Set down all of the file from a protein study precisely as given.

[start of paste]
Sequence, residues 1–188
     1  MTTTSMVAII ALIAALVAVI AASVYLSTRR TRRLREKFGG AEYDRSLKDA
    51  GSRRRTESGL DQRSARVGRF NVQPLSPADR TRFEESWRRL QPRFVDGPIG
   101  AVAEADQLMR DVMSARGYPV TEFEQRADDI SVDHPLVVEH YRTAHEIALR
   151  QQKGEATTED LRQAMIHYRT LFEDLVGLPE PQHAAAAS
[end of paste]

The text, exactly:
Sequence, residues 1–188
     1  MTTTSMVAII ALIAALVAVI AASVYLSTRR TRRLREKFGG AEYDRSLKDA
    51  GSRRRTESGL DQRSARVGRF NVQPLSPADR TRFEESWRRL QPRFVDGPIG
   101  AVAEADQLMR DVMSARGYPV TEFEQRADDI SVDHPLVVEH YRTAHEIALR
   151  QQKGEATTED LRQAMIHYRT LFEDLVGLPE PQHAAAAS